You know, I really shouldn't complain. I'm a lucky guy.
As some of you know, I sent my book to a publisher earlier this month, and I'm crossing my fingers that it will be in the bookstores later this fall. I'm over the moon about this. Songsaengnim: A Korea Diary has been on my plate for almost 10 years (my full-time job and two kids took precedence) and it's nice to know that it's finally getting out there. Soon.
When I sent the book to my publisher, I sort of forgot that they would be reading the book and providing me with an editorial assessment. A comprehensive review of how they feel the flow, pace, structure, plot, grammar, and other elements of the book work: what they feel is good and how they think areas can be improved. The publishers want to help me reach the book's full potential, and I really appreciate a professional opinion of my work.
Last week, I received my assessment, but because I was so busy at work I didn't have a chance to look at it until the weekend, and wasn't even able to start addressing the recommendations until Tuesday.
I found the feedback quite eye-opening. Most of the feedback was positive. The editor particularly liked the characterization and dialogue. For the most part, the editor liked the structure, plot, and pace of the story. I was happy to receive this news. I had worked very hard on the main charactersheck, some of them are based on actual people that I knew when I lived in South Korea.
The editor did, however, suggest that I change a few things, such as the initial introduction of some characters, some clarification of certain descriptions, and some of my choices in punctuation and italics. All good points. The editor also suggested that I consider revising the ending, and I agree. One of my friends, who read the rough drafts diligently when I posted them online, also felt the ending wrapped up a little quickly. And so I'll rewrite the end.
I'm also going to make some changes that weren't included in my story's evaluation, but that in light of a recent development in my personal life I feel I must do. I don't want to get into specifics, but I'm going to write a character out of the book. It's an extremely minor character who adds no value to the story, and so he's gone. Erased.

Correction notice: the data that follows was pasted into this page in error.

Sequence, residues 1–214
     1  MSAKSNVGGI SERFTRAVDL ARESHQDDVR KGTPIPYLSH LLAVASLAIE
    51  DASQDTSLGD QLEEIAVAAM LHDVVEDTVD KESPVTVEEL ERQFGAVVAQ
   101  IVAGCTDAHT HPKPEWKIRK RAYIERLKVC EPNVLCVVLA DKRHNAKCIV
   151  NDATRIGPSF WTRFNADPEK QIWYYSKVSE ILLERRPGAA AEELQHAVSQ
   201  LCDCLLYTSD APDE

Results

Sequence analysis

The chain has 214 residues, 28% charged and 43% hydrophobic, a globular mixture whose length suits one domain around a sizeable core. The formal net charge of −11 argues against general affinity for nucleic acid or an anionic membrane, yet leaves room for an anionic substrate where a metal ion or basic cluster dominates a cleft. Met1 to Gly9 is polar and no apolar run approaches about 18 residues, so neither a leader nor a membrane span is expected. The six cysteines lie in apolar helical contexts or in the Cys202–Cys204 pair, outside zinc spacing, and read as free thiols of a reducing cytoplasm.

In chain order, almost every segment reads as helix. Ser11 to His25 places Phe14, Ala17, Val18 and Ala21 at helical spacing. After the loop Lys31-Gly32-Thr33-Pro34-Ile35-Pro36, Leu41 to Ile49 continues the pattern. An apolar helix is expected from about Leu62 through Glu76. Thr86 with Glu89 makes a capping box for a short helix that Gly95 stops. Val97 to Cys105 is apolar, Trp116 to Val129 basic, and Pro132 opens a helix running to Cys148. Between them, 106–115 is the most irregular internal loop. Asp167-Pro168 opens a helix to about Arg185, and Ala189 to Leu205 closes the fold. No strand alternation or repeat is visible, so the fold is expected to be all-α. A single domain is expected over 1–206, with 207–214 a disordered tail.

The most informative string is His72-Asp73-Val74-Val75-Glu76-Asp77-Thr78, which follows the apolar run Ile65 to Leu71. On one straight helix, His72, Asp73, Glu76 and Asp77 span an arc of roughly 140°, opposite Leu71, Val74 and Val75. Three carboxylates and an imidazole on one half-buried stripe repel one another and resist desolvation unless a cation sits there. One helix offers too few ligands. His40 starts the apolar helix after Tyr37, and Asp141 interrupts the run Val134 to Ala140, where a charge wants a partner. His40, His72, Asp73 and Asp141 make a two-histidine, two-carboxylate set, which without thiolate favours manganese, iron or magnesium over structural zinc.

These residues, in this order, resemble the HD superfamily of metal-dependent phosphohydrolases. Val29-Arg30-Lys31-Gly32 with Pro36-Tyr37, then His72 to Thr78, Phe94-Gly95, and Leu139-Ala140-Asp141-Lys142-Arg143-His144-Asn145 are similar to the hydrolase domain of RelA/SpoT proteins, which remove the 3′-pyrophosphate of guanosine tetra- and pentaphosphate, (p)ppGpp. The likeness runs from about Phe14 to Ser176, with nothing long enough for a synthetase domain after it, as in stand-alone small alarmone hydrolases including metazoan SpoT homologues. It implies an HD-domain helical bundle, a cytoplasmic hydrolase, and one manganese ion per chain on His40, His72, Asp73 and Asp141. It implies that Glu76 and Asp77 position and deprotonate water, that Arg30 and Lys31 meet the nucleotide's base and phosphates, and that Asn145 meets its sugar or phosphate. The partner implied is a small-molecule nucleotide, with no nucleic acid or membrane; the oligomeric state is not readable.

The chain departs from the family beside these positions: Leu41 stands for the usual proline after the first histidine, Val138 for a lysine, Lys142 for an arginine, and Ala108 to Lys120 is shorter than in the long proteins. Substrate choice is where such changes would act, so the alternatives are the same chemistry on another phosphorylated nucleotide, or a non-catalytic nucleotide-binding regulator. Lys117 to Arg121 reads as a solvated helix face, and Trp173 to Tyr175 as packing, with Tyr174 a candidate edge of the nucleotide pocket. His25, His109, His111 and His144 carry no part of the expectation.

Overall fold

And so I write some more. Songsaengnim is not done. I thought I was done, was looking forward to moving forward, towards the sequel, Gyeosunim. But no, not yet.
But I'm not complaining. Not really. I'm lucky to have fresh eyes evaluate my work, eyes that want to help me make my novel the best it can be. And so I welcome these changes and look forward to the work ahead of me.
For those of you who have already purchased and read my e-Pub version from Amazon or received your copy directly from my blog site, I thank you. All I can say is for you to keep that version. It could become a collector's edition (it won't be worth anything, but it might be nice to say that you own the first printing, should it become successful). When the new version is completed and becomes available, and if you would like to read it, contact me and I'll send you the new version, free. We'll work out those details when the time comes.
Because I'm going to want to devote as much of my writing time to making revisions, I may not blog as often. I may post more pictures than text. But I won't abandon my loyal readers. I've been working on a book review of my own: three authors that I follow on Twitter, whose books I have read and on which I have performed my own evaluation. Look for these reviews to be posted sometime next week.
And so, I write. Stay tuned.